Underserved area ponders effect of Pratt closings

Half of city schools lack library

branches are `haven' for youth

April 24, 2001|By Allison Klein | Allison Klein,SUN STAFF

While Lauren Iser, 13, waited for her mother to get minor shoulder surgery, she schooled the doctor on the chemicals detectives use at crime scenes. If it seems unusual for an eighth-grader to know such things, it is. Lauren learned about them from one of the many books she checks out from the library each week.

The budding scientist has an open book in front of her when she eats, when she watches television and before she falls asleep at night. Her favorites are stories about medical detectives.

"As you can see," she says narrowing her golden eyes, "I like the morbid."

Lauren lives in a Formstone rowhouse in Southwest Baltimore -- across the street from the Washington Village branch of the Enoch Pratt Free Library, one of the 11 branches in danger of being shut this summer because of a lack of money.

In Baltimore, where just half of schools offer library service and test scores show that students read far below grade level, children depend on their neighborhood libraries.

"Most of the kids in my class can barely read. A lot of them have a hard time with big words like `observe,'" said Lauren, whose school, Francis Scott Key Middle in Locust Point, has no library. "I feel lucky because a lot of parents don't feel like teaching their kids to read."

Lauren's mother, Tina Iser, taught her to read when she was 3, the same year she started bringing her to Pratt's Washington Village branch.

At a series of public forums that ended Thursday, residents have severely criticized library officials for proposing to shut down libraries in struggling neighborhoods, some of which also face school closings.

The focus of the arguments has been about protecting their children.

"This is not about the budget, this is about our children," said Norma C. Washington, a mother of three and Maryland chairwoman of the Association of Community Organizations for Reform Now. "Let's be fair about this; you can't sacrifice our children for a dollar sign."

Several residents pointed out the irony that for 13 years, most city trucks and benches carried the motto "The City That Reads."

Library officials say they don't know which five branches will close, but Washington Village could be a candidate because it is the system's smallest branch and had the fewest number of books checked out in 2000. Circulation and branch size will help determine which branches close.

Library officials say they are taking into account which children in the city have access to books in schools and how those children perform on reading tests. But these are not among the main criteria.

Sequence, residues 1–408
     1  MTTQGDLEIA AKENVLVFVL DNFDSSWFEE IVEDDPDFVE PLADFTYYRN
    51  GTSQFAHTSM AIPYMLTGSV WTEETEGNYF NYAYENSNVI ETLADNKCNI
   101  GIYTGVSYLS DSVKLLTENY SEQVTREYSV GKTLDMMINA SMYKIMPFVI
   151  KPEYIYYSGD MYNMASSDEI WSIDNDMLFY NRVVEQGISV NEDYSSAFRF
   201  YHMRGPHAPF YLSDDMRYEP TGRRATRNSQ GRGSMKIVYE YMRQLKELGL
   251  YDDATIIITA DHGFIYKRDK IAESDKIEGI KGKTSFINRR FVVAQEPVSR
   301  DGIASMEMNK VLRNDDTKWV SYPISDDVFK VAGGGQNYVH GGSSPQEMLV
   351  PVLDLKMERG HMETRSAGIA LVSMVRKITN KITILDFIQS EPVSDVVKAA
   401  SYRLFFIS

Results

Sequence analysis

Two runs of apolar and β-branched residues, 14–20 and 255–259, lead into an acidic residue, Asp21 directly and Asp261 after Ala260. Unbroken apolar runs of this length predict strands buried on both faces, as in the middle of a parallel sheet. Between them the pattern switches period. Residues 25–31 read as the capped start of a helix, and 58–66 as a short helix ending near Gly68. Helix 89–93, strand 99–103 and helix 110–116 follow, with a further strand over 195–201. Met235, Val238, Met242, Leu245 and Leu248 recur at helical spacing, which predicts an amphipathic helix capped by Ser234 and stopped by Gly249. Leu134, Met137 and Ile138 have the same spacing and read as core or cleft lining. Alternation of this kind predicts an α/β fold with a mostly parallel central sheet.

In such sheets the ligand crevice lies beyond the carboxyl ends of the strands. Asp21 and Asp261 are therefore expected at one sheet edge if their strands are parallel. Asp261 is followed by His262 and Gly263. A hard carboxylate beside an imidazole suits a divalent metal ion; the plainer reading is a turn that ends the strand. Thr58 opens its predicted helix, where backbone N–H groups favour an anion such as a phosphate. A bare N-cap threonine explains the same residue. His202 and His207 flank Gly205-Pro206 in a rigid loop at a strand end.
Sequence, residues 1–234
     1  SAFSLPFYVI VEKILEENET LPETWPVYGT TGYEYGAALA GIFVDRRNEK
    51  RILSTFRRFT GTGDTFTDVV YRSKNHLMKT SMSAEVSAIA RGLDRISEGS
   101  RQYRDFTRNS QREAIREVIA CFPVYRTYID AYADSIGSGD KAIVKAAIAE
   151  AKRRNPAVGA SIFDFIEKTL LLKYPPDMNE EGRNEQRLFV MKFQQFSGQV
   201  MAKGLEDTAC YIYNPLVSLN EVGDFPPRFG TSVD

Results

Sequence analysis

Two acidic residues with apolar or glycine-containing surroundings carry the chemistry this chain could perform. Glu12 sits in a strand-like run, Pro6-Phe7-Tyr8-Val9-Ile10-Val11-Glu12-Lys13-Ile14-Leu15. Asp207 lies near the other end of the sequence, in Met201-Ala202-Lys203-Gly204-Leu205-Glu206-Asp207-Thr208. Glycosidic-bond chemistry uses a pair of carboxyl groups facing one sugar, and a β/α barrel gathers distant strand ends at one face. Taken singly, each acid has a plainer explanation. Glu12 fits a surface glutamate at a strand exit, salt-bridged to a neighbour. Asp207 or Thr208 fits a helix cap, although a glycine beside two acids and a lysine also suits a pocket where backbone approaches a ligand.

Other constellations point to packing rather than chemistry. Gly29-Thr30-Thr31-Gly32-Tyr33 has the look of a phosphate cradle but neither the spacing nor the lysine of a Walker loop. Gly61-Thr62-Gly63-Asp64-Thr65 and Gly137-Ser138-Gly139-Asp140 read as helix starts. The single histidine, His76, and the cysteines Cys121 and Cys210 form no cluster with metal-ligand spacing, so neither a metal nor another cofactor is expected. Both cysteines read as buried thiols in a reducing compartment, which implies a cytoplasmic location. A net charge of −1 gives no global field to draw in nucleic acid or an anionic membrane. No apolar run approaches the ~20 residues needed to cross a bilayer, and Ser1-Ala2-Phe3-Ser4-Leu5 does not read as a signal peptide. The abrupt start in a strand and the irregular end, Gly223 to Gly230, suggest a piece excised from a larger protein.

At 13 of the 26 schools near the branches targeted to close, less than 15 percent of fifth-graders passed state reading tests last year.

Throughout the city, 19.9 percent of fifth-graders passed.

Activists say the poorly performing schools need the libraries, and the few schools that are doing well shouldn't have their library resources pulled away.

"If schools don't have adequate research and adequate materials, where are kids going to get knowledge? Where are they going to get the books?" said Kimberly Lane, development coordinator for Washington Village Pigtown Neighborhood Planning Council. "Closing libraries is like taking their educational tools away."

Pratt officials say they're dealing with a dwindling budget -- $5.1 million less than requested from the city over five years -- and have been cutting back on library service for years. The book budget was slashed 14 percent this year, and most branches open for only 37 hours a week.

Closing five branches could save $3.3 million in renovation costs, and $1.1 in operating costs a year, Pratt statistics indicate. The library's current budget is $27 million, 49 percent of which comes from the city.

"We want the best system with the budget realities we're facing," said Pratt Director Carla D. Hayden. "As a lifelong librarian, it breaks my heart to close branches."

Baltimore's library system announced plans in 1997 to move toward a system of a few mid-sized regional branches, and consolidate some of the smaller, older branches.

For Lauren, that means she could lose the privilege of walking to borrow books.

"I hope they don't close this one because we really need it," said Lauren, who as an 8-year-old taught older kids to read. "I would have to take two buses to the main branch, and I would only be able to go on weekends."

Last year, 12 percent of the eighth-graders in Lauren's school read at a satisfactory level, state tests results show. The school has no library, but Lauren is leading a student book drive to try to bring one to the school.

Michael Pitroff, the school system's director of instructional technology, library and media services, said that 91 of the city's 182 schools offer library service -- which includes a librarian or a teacher doubling as one -- and many school libraries fail to meet state standards.

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